Our work in Komolion is not yet finished.  We have returned to our lodging at Kefri and Sandai, ready to rest and prepare for another day in the Pokot village…

-Wolfgang

The Smile of a Child

We awoke the next morning, having spent a great first day Kenya that ended at the Tocco’s, to the sound of birds chirping, leaves rustling, and the sound of knocks on our bedroom doors. As we started getting ready for the day, there were a few of us that decided to shower in the morning instead of the night before and, seeing as the water heater was solar powered, had to settle for a cold shower. Once ready, we made our way to the Tocco’s backyard and were treated to an extraordinary view. The Tocco’s place is located on a higher ground than most of the surrounding places and the backyard overlooks a vast, lush green valley that stretches for miles and is equally as wide. On the horizon, where the sky meets the land, there is a ridge of mountains that encompasses this remarkable valley. The day had only just dawned, but God was already showing us His beauty through this incredible scene. At 6:46 a.m., the sun began to rise above the mountains, with its bright, gold rays shining on our faces. Four minutes later, the sun was completely above the mountain peaks and was shining in all of its radiance. We thought we had seen the best view of the day during the dawn, but this sunrise blew it out of the water. Looking at it all, I could not help but admire the artist that God is and how He purposefully made all of the hills, valleys, and vegetation for His glory. We all cheerfully went to have breakfast, full of joy with the scene that we had just witnessed.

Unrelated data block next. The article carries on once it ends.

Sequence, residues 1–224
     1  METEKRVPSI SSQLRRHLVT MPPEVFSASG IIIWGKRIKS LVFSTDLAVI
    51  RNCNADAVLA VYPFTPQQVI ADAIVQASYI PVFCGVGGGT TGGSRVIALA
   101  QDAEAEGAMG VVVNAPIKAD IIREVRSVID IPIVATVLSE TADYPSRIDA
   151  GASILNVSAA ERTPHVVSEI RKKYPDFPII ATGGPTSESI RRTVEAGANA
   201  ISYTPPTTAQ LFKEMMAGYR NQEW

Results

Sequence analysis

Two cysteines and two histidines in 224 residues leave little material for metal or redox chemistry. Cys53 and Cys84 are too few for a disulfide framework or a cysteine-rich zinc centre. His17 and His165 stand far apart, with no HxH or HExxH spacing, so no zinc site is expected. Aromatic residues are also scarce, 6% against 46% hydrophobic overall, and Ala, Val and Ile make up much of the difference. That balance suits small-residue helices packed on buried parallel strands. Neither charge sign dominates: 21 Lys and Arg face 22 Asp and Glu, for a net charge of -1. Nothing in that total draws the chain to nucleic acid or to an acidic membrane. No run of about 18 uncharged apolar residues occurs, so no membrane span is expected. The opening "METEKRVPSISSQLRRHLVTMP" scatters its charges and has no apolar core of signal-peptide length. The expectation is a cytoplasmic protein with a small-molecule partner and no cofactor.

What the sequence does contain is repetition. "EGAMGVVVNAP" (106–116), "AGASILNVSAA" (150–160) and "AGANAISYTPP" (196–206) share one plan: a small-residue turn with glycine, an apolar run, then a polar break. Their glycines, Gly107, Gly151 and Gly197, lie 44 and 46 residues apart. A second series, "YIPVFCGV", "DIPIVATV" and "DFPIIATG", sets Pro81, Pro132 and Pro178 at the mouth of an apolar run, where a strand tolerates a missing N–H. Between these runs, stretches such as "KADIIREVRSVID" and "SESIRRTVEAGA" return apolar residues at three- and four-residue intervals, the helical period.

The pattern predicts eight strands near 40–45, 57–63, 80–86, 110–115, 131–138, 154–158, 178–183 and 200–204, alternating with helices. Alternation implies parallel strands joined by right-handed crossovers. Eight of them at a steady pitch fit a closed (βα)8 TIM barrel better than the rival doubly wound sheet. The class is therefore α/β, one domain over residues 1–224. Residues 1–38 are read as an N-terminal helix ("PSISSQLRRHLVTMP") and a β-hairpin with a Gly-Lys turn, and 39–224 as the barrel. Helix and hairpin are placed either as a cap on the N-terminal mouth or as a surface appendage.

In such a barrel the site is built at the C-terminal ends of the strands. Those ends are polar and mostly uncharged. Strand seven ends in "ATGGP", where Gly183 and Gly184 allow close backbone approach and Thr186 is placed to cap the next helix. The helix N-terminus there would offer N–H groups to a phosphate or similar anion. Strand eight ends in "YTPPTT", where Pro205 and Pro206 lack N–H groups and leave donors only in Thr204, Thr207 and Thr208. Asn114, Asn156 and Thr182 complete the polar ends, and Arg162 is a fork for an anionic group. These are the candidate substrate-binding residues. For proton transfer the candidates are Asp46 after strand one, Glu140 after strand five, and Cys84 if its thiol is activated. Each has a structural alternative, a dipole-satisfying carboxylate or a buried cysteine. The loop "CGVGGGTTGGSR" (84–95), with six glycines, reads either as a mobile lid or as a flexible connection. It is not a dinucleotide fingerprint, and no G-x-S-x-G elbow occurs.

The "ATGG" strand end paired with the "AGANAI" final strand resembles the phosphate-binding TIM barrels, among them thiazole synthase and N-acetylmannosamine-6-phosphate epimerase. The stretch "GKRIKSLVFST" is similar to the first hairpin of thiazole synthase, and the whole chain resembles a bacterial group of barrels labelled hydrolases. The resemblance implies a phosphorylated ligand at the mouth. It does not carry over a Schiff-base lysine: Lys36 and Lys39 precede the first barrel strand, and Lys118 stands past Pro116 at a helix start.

Having finished breakfast and packed our luggage on the bus, we headed out to Marigat, a city that was about a six-hour bus drive away. On the way there, we stopped at some shops on the road. The interesting thing about these shops was that they were located at the Equator line. About half of the shops were located on the north side of the Equator and the other half were located on the other side. All of us went inside the shops and looked for things that we might want to purchase. Things such as bracelets, wood carvings, fabrics, and necklaces were being sold at these shops. Dr. Bradley had told us about prices and how they could fluctuate depending on who the customer is. Given that we are essentially tourists in this country, Dr. Bradley encouraged us to bargain. Some of us found success in these deals that we struck, and some us did not and ended up paying much more. After shopping, we sang a few songs for them and they sang for us as well. It’s not every day that you have a song sung back to you immediately following the song you sang. We sang and they sang; every time presenting gifts of music to one another. It was a beautiful display of friendship and love: to share joy together and worship together as brothers and sisters in Christ with the only tool that bridges gaps created by language barriers – music.